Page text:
The House on Fortune Street is perhaps most impressive for the sublimation of its virtuosity. Livesey tells one seamlessly engaging story of interconnected lives through the perspective of four different characters. Each of four parts (and here is where the fun comes in) is stylistically and thematically modeled after a defining author or novel: Keats, Lewis Carroll, Jane Eyre and Great Expectations. This device could easily have become an undermining gimmick. But in Livesey’s hands, it deepens a simple tale of romantic and familial relationships into a timeless narrative.— Sara, Atlanta
It seems like mutual good luck for Abigail Taylor and Dara MacLeod when they meet at university and, despite their differences, become fast friends. Years later they remain inseparable: Abigail, the actress, allegedly immune to romance, and Dara, a therapist, throwing herself into relationships with frightening intensity. Now both believe they've found "true love." But luck seems to run out when Dara moves into Abigail's downstairs apartment. Suddenly both their friendship and their relationships are in peril, for tragedy is waiting to strike the house on Fortune Street.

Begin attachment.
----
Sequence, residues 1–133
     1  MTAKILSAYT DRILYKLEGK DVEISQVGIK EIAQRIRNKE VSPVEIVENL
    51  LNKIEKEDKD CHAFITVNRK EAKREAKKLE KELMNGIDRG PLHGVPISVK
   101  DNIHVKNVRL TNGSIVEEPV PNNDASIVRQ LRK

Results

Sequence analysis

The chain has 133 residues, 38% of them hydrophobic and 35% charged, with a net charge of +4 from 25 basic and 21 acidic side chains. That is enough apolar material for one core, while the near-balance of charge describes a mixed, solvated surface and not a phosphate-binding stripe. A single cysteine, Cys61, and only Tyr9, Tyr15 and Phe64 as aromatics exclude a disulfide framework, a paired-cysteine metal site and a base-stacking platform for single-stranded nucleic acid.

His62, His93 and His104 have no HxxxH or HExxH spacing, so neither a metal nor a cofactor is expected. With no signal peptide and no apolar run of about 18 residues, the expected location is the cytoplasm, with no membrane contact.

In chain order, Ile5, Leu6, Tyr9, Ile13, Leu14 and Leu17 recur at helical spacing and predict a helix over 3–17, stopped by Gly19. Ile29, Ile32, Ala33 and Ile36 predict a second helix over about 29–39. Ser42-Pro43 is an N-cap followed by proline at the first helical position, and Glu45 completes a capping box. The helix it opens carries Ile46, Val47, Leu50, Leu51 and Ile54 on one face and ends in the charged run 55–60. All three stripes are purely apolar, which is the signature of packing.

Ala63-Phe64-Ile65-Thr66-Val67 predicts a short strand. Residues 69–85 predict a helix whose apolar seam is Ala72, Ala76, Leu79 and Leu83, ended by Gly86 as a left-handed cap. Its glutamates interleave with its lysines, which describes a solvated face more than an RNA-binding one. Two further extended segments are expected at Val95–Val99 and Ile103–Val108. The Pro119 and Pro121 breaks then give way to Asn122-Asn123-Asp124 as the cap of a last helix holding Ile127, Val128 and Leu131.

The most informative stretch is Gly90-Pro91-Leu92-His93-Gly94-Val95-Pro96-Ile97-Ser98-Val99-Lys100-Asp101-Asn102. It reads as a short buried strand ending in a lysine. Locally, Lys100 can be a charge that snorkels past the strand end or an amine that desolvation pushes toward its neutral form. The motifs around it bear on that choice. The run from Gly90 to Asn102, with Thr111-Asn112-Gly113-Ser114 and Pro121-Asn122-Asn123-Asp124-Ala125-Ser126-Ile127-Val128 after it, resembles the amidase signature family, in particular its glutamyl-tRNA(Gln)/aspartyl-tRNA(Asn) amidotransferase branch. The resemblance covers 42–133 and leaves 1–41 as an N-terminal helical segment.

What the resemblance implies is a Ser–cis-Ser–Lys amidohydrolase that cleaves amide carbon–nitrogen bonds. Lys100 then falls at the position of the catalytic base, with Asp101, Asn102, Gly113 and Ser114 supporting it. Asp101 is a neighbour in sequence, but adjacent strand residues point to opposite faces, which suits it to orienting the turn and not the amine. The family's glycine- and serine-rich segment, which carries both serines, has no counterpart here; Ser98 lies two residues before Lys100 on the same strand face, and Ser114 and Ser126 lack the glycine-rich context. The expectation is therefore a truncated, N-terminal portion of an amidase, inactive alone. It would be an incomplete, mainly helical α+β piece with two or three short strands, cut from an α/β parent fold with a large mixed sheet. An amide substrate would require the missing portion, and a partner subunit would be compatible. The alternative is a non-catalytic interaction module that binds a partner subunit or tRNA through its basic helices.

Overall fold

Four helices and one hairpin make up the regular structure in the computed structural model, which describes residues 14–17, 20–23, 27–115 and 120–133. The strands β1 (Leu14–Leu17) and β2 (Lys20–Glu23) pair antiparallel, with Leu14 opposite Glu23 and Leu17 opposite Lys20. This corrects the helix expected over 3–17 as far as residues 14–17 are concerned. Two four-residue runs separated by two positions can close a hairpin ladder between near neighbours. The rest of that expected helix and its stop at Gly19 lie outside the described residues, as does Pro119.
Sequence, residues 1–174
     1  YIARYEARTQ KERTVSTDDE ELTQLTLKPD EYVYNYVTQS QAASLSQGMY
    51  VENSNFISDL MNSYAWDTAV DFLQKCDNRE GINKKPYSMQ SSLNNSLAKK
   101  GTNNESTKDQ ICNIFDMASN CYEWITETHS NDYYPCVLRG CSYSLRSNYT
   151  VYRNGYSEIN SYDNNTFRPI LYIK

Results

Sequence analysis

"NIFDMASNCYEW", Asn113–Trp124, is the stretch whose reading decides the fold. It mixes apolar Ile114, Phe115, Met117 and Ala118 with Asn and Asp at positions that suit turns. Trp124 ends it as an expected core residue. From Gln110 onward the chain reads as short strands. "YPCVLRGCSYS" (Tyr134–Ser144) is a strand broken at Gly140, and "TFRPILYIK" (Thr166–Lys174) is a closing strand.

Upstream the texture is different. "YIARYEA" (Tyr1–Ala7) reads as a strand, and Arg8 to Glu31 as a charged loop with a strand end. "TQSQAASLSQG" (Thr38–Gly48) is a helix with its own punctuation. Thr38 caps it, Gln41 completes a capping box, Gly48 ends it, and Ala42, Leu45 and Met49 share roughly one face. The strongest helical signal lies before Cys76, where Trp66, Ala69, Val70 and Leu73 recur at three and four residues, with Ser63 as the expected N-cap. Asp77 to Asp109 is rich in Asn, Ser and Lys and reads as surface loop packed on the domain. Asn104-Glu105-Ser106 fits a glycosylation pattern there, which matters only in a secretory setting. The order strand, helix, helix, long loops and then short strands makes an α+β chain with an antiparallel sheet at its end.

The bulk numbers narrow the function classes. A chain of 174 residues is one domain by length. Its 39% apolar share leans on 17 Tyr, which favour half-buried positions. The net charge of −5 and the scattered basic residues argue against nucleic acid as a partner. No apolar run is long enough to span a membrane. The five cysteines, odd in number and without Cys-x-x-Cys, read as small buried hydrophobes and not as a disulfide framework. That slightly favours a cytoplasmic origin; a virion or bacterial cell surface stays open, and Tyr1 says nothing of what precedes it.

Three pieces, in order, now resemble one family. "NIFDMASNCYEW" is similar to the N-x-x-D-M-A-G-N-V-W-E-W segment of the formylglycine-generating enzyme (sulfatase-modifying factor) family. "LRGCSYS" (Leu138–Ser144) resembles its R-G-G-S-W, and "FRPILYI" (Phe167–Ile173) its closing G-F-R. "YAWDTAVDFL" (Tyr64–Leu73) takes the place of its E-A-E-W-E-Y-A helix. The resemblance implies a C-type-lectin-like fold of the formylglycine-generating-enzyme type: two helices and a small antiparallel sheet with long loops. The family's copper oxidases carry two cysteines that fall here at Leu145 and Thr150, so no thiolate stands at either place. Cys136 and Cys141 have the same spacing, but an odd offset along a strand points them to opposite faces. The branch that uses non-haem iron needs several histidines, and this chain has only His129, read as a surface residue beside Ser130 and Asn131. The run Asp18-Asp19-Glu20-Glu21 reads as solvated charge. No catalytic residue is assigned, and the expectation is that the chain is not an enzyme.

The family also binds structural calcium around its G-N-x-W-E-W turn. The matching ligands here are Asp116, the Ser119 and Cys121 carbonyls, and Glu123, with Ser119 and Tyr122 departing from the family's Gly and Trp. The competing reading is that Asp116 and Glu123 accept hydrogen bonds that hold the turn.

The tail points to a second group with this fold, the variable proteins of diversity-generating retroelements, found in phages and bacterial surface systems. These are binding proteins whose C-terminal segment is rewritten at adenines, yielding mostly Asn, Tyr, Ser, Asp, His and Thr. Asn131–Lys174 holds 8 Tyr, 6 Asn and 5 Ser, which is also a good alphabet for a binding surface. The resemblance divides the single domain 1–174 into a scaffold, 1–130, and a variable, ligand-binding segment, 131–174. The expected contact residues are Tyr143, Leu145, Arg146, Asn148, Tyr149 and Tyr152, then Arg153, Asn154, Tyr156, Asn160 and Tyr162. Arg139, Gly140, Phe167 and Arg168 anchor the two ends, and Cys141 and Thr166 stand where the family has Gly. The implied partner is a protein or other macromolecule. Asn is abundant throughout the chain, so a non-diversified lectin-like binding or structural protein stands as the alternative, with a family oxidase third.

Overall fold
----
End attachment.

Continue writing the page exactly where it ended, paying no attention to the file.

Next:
Told through four ingeniously interlocking narratives, Margot Livesey's The House on Fortune Street is a provocative tale of lives shaped equally by chance and choice.
“I loved this book. The House on Fortune Street pulled me in and kept me rapt from start to finish. Margot Livesey is writing at her very best.”
-Ann Patchett, Author of RUN and BEL CANTO
“Structurally daring and compulsively readable, THE HOUSE ON FORTUNE STREET illuminates the complexities of love in some of its most difficult guises, and of loss in all of its immensity. ”
-Geraldine Brooks, Author of PEOPLE OF THE BOOK and MARCH